With voter activism expanding in every part of the community, the virtual council meeting of June 22, 2020 began at 7:08 pm and ended at 2:17 am, and the vote to approve the amended budget passed with four ayes and one nay. Council member Lee was the sole opposing vote.
No municipal budget in recent history has been more revised; the original budget meetings that happened earlier this year in February were before the pandemic. COVID-19 and all it’s attendant complications required a revision from every department to reduce any possible expenditure as the city looked at massive loss of projected revenue.
The national uprising over racism and police violence made a timely landing in Culver City, just before the final budget approval for the fiscal year. With calls from the community to cut the police budget and begin a major restructuring of expenditures, many other residents exclaimed that the police should not be targeted for reductions or reorganization.
More than 80 people spoke to the council, the majority of them deeply passionate about their position. Any notion of attempting to listen to an opposing argument or see things from another perspective was rare. Less than a dozen of those who spoke offered that change could be incremental, or that looking into details would offer benefits. The voters who wanted to see major changes put into motion sought a 50% reduction of the police department over the next three months, and the creation of a citizen’s task force to oversee the police. Others cited the police and fire departments as their reasons for residing in Culver City, and feared a wave a violent crime if staff were to be reduced.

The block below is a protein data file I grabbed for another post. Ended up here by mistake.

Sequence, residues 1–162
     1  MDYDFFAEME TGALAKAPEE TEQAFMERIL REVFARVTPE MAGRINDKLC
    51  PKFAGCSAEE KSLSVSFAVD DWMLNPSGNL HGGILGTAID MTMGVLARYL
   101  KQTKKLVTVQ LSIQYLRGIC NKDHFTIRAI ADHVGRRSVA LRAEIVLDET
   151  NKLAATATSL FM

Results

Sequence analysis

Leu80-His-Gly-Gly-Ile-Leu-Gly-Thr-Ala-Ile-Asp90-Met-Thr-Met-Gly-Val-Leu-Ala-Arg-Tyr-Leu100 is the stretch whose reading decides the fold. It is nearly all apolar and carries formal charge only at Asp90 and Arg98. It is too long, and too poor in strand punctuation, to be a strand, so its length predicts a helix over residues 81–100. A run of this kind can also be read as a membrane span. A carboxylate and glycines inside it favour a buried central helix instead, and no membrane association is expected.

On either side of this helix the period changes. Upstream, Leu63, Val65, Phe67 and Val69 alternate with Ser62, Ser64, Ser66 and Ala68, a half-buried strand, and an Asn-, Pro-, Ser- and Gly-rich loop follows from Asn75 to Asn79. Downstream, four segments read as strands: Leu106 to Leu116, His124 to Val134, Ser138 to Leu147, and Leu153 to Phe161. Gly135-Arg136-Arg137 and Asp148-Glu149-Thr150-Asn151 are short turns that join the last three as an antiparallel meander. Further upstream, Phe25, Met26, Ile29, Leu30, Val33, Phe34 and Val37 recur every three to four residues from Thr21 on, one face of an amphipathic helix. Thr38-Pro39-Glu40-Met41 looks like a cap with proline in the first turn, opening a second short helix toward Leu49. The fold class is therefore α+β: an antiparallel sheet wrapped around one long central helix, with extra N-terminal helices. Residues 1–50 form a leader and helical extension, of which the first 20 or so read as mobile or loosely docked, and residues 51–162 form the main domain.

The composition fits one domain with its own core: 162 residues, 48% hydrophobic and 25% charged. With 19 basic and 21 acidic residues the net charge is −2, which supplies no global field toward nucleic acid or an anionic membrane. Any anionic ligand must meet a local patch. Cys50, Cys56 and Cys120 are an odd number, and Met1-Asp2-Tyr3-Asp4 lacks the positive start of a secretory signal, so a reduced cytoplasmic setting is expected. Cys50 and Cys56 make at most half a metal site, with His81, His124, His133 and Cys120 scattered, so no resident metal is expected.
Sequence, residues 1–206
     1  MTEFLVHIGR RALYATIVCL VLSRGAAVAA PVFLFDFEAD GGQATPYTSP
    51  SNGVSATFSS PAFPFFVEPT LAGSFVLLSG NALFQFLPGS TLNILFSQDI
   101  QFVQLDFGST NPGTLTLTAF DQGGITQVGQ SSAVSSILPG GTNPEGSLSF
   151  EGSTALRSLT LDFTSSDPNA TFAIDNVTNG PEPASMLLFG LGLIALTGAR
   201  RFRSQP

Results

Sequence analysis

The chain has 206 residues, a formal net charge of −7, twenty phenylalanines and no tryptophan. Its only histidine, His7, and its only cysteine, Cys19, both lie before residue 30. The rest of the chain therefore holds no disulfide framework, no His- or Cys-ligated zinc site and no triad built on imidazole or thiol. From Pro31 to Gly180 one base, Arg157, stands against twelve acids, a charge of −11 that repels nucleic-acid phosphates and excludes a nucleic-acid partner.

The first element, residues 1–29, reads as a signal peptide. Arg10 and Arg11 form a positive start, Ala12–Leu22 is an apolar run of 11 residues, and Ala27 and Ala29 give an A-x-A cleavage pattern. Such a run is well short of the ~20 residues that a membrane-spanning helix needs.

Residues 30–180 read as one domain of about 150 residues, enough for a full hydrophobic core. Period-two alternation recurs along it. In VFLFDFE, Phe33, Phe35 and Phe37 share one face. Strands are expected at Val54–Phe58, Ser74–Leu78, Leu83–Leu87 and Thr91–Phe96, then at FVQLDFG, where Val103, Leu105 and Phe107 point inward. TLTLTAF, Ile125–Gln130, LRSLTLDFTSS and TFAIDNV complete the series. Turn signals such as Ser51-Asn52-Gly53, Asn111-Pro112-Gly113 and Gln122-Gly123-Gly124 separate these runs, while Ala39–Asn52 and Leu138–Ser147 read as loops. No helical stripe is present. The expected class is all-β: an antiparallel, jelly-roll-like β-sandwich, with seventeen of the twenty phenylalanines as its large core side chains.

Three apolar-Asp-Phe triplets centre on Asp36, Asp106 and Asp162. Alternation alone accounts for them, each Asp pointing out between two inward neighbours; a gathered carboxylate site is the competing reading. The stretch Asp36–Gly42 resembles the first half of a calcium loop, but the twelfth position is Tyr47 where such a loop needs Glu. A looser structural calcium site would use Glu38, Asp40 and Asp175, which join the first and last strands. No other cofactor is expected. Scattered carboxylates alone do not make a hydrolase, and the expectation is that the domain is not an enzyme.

Vice Mayor Alex Fisch had offered, prior to yesterday’s meeting “In response to our direction at the June 15 meeting, the budget contemplates cutting $400,000 from the police department budget in addition to the $2.6 million that we already planned to cut. That reduction includes the elimination of 3 unfilled sworn officer positions. It also includes restoration of a small social services partnership, and an additional $100,000 for social work services.”
Acting Police Chief Manny Cid offered the $400,000 in cuts, and it was approved of by the City Manager John Nachbar.
Council member Lee noted that he was disappointed with the budget decisions, but glad the his colleagues had committed to looking into a task force to oversee the police on behalf of the community.
Much of the agendized business for the meeting had to be held over to the next agenda. By respecting the rights of everyone to speak, the council ran the clock out on the time to attend to the agenda. Public hearings 2 ( changes to the zoning code) and Public hearing 3 (paring requirements for fitness studios) were moved to the July 13 agenda.
Calling the election of three city council seats and a local ballot initiative to rescind the interim rent control ordinance for Nov. 3, 2020 was approved.
Items on the General Plan Update and transportation studies were tabled.